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Myanmar Asked to Check Bird Flu Report

by 5m Editor
23 March 2005, at 12:00am

BURMA - The United Nations food agency has asked Myanmar authorities to check a report of a possible outbreak of Asia's deadly bird flu in the military-ruled country, a U.N. official said on Wednesday.

Myanmar Asked to Check Bird Flu Report - BURMA - The United Nations food agency has asked Myanmar authorities to check a report of a possible outbreak of Asia's deadly bird flu in the military-ruled country, a U.N. official said on Wednesday.

Dr. Tang Zhengping, resident representative of the Food and Agriculture Organization (FAO), said he contacted Myanmar's livestock and veterinary departments after an opposition Web Site reported thousands of chickens had suddenly died in southern Myanmar last week.

"We are waiting for their reply," Tang told Reuters.

"They are a member of FAO and we have good relations with the veterinary department. If they knew of a bird flu outbreak, I'm sure they would report to FAO," he added.

The avian influenza, which has killed 47 people in Asia, has ravaged poultry flocks in neighboring Thailand and other countries in the region for more than a year.

But Myanmar has insisted it is free of bird flu.

The Norway-based Democratic Voice of Burma reported on Sunday that thousands of chickens had suddenly died at Moulmein in Mon State last week and local residents feared it could be bird flu.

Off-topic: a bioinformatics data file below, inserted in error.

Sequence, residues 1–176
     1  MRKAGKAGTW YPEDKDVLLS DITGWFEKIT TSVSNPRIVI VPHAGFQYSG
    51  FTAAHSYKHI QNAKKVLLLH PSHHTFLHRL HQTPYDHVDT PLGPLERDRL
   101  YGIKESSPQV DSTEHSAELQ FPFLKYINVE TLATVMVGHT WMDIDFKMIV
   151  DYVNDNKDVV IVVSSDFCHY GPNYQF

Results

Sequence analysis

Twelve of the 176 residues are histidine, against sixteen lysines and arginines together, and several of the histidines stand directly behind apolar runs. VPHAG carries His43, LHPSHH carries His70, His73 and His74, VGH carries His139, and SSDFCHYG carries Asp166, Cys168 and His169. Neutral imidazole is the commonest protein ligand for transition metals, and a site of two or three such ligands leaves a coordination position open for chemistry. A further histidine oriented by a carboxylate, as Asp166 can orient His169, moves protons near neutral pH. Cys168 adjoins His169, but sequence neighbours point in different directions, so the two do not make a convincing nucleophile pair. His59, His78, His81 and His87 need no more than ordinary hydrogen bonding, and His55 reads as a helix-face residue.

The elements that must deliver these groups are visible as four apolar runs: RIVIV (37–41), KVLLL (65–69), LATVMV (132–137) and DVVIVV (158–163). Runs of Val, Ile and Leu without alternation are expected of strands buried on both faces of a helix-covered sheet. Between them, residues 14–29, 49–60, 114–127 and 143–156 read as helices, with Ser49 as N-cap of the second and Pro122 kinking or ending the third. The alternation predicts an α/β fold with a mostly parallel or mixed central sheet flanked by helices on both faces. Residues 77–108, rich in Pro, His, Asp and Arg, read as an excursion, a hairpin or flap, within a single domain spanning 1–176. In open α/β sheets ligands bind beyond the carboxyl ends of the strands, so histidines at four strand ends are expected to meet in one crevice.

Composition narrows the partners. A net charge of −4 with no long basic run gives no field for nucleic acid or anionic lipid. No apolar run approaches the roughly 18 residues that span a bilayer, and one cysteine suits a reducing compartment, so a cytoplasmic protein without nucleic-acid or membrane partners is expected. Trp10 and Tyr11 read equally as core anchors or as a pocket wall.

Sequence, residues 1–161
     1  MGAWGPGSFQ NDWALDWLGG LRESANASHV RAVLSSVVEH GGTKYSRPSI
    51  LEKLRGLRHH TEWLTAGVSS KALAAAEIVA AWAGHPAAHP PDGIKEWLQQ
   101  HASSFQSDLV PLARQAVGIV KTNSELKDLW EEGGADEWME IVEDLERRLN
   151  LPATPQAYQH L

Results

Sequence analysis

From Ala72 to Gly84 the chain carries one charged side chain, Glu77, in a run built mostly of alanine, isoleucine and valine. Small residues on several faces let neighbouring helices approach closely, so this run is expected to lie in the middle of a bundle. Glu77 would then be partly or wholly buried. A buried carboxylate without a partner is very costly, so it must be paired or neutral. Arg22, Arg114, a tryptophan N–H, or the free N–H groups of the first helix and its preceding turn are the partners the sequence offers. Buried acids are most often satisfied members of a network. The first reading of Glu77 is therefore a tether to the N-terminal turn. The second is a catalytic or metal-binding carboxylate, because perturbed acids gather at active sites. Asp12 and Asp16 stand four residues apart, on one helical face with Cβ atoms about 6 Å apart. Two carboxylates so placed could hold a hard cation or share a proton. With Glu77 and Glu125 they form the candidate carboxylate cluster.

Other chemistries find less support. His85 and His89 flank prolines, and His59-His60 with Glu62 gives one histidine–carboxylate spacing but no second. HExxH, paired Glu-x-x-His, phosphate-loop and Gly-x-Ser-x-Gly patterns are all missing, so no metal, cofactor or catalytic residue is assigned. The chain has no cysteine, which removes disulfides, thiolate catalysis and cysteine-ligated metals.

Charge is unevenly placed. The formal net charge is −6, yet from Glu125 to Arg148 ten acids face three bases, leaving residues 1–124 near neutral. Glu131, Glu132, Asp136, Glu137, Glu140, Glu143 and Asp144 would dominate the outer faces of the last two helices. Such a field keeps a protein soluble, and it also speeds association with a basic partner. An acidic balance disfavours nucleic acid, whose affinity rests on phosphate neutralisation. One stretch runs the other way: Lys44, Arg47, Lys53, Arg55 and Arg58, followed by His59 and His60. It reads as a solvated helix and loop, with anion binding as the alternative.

"There have been reports that the state authorities have been trying to cover up the news, making the people suspect that these chickens died from avian flu," the Web Site said.

It quoted an unnamed veterinary official in Mon State as saying some birds had died due to extreme heat, but "no massive death in the thousands."

"There have been flu outbreaks in other countries. It still hasn't happened in our country," the official said.

Most of Myanmar's 63 million chickens are raised in rural backyard farms, a traditional way of farming across much of Asia where chickens are allowed to wander freely, mixing with wild birds and other animals and spreading disease.

"If the bird flu came to Myanmar, it would be difficult to control because it could spread among the small farms," Tang said.

He said Myanmar had a good veterinary service, but the FAO was providing training, technical services and lab equipment worth about $350,000 to the southeast Asian nation.

The assistance is part of a broader program to help 7 countries in the region fight trans-boundary diseases such as bird flu, he said.

Source: Reuters - 23rd March 2005

5m Editor